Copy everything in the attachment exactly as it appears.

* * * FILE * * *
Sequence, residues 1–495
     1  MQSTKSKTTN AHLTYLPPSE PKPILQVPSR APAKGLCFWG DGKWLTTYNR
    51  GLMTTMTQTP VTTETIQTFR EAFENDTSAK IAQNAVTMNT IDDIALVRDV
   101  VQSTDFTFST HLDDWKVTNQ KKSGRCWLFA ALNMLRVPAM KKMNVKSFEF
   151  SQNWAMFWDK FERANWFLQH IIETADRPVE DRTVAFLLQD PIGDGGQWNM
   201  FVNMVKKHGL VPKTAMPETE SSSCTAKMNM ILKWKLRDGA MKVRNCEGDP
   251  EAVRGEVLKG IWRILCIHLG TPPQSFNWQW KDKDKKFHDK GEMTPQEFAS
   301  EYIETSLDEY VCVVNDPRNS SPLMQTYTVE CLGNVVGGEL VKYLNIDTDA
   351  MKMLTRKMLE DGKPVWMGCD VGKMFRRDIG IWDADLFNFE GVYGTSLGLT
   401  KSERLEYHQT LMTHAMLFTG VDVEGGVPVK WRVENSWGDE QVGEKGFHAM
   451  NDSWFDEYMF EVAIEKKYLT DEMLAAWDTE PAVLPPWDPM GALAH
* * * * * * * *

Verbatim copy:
Sequence, residues 1–495
     1  MQSTKSKTTN AHLTYLPPSE PKPILQVPSR APAKGLCFWG DGKWLTTYNR
    51  GLMTTMTQTP VTTETIQTFR EAFENDTSAK IAQNAVTMNT IDDIALVRDV
   101  VQSTDFTFST HLDDWKVTNQ KKSGRCWLFA ALNMLRVPAM KKMNVKSFEF
   151  SQNWAMFWDK FERANWFLQH IIETADRPVE DRTVAFLLQD PIGDGGQWNM
   201  FVNMVKKHGL VPKTAMPETE SSSCTAKMNM ILKWKLRDGA MKVRNCEGDP
   251  EAVRGEVLKG IWRILCIHLG TPPQSFNWQW KDKDKKFHDK GEMTPQEFAS
   301  EYIETSLDEY VCVVNDPRNS SPLMQTYTVE CLGNVVGGEL VKYLNIDTDA
   351  MKMLTRKMLE DGKPVWMGCD VGKMFRRDIG IWDADLFNFE GVYGTSLGLT
   401  KSERLEYHQT LMTHAMLFTG VDVEGGVPVK WRVENSWGDE QVGEKGFHAM
   451  NDSWFDEYMF EVAIEKKYLT DEMLAAWDTE PAVLPPWDPM GALAH